It still looks like a bomb went off in Griffith one week after this tornado hit. Tons of debris litters yards even though dumpster after dumpster has already been filled.
"We will return;" That is the message on James Guevera's home a week later. He said he remains hopeful.
"I always had a motto, 'If I can't do nothing about it, there's no use worrying about it.' Certainly nothing I could do about it, I couldn't stop it. Now I can get my insurance people and contractors get together. Ce can hopefully get it back up," he said.
If insurance adjusters are right, Guevera should be living there again within six months.
"I'm shook up. So I cry every so often for friends that have given their, I would say condolences, but they were all willing to help. We had so much help," said Coty Guevera.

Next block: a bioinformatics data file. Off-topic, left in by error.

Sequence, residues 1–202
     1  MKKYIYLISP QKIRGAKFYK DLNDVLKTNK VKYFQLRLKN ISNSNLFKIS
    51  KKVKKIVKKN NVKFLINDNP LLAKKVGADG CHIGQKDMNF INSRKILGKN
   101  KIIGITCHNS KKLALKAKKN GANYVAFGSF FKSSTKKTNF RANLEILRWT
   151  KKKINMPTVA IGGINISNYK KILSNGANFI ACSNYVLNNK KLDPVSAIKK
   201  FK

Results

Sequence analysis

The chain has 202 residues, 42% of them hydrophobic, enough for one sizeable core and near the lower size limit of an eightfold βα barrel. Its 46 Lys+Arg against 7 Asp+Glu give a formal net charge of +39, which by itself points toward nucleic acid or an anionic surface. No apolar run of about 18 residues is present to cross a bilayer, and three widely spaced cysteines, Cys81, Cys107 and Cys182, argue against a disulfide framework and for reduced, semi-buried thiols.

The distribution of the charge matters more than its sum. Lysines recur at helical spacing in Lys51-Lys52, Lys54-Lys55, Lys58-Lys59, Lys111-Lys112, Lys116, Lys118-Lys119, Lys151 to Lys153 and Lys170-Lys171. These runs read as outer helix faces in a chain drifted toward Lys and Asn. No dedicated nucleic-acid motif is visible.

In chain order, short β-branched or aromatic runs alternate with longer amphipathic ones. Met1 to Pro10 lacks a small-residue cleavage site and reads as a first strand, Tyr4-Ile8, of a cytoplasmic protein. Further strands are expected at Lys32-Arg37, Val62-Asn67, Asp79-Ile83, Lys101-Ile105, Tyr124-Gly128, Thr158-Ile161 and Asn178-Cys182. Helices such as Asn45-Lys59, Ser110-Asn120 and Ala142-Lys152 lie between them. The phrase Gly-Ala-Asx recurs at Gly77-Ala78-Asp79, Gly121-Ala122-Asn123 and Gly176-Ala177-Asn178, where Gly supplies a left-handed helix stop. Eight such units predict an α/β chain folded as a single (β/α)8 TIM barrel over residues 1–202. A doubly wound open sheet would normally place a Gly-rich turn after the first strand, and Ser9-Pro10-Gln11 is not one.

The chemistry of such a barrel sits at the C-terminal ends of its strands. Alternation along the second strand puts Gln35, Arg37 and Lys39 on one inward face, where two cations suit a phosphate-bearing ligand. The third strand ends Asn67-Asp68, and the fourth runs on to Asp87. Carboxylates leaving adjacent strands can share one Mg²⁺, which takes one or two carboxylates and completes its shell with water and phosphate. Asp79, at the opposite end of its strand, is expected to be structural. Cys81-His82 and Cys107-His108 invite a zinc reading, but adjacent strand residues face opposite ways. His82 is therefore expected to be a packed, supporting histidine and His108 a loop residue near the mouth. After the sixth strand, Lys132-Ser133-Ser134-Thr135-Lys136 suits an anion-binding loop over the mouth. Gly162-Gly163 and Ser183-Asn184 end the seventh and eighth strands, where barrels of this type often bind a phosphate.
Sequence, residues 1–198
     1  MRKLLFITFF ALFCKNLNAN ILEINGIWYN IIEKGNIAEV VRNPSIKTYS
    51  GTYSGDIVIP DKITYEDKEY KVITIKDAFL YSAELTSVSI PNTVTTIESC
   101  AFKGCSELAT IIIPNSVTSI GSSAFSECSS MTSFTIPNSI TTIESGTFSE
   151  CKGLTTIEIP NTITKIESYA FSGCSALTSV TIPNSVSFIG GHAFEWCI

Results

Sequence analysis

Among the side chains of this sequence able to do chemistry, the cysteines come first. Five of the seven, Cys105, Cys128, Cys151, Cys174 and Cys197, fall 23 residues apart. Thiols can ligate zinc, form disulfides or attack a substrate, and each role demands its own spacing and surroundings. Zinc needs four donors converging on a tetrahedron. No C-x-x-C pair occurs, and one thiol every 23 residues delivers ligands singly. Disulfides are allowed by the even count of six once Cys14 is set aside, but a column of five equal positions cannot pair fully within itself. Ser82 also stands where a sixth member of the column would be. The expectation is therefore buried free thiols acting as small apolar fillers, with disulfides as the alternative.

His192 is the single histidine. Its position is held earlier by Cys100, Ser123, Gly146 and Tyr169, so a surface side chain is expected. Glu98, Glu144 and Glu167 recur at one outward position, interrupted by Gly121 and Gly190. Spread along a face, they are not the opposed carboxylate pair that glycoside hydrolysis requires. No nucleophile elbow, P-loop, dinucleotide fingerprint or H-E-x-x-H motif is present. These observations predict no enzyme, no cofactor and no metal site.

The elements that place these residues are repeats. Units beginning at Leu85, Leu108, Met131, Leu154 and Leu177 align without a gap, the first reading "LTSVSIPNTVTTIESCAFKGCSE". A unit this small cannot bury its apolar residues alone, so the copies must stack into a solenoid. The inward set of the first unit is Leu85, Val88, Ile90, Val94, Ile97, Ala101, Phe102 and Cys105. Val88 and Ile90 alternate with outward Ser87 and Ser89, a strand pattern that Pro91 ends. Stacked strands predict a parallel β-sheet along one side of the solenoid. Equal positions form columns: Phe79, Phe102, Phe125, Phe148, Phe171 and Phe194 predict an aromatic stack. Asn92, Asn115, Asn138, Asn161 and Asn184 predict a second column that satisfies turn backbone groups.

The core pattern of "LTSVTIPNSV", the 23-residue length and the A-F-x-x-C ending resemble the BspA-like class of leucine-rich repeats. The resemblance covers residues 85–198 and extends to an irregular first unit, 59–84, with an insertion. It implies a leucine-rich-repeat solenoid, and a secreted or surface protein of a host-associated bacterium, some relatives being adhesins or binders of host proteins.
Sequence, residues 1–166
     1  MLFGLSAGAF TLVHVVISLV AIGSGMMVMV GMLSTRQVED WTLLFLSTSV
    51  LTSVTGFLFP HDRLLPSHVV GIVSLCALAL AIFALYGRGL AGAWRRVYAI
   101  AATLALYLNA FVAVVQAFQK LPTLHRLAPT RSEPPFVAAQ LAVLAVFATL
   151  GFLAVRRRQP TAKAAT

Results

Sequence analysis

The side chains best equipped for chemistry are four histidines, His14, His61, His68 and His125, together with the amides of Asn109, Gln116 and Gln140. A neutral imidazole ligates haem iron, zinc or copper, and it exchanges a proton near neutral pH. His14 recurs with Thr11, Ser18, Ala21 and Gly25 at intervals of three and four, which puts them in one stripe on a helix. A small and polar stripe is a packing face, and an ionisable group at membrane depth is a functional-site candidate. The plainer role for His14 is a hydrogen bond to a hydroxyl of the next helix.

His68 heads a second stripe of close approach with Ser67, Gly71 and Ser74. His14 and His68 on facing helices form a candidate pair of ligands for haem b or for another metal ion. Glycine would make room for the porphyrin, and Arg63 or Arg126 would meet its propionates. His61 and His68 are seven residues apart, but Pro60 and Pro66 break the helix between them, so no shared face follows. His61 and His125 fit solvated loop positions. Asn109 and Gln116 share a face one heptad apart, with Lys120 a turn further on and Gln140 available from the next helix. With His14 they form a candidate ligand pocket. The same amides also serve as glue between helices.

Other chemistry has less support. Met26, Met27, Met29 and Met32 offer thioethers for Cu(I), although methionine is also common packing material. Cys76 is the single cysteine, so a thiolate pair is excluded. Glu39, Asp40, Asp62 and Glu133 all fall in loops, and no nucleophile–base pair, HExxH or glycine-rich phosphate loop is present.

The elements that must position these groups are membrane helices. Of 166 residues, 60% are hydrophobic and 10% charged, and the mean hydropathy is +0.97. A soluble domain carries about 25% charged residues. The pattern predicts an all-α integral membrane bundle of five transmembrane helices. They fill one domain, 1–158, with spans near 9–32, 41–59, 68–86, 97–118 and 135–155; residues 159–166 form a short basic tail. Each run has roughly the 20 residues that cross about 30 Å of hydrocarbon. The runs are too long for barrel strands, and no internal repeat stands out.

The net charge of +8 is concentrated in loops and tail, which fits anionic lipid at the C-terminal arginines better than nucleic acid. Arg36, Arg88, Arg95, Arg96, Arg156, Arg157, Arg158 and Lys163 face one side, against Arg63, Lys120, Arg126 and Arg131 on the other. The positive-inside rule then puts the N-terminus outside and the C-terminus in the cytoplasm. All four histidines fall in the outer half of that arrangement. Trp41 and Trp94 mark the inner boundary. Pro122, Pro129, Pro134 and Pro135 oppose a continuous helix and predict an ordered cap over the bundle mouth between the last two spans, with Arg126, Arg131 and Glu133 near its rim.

When a category EF-2 tornado touched down, 16 homes were destroyed and more than 20 others were severely damaged. About 40 businesses were affected as well, including one strip mall. The roof tore right off of it. The mall most likely will be demolished.
A federal disaster declaration will reportedly not be coming as well because the residential damage is not severe enough.
"It's very discouraging that on a federal level we have to go through so much red tape to have a disaster declared. And in fact, it likely won't be because we don't have $7.5 million of residential damage," said Rick Ryfa, Griffith town president.
Even so, Dave and Anita Reinbold, who lost most of their roof, are counting their blessings.
"These are things that can be replaced, lives can't. There were six bodies in this house and thank God we're all alive," said Dave Reinbold.
The power is back on. It was restored for most people Friday. However, the gas service was still out. It will be six months to a year, maybe even longer before the most devastated neighborhood starts to look anything like it used to.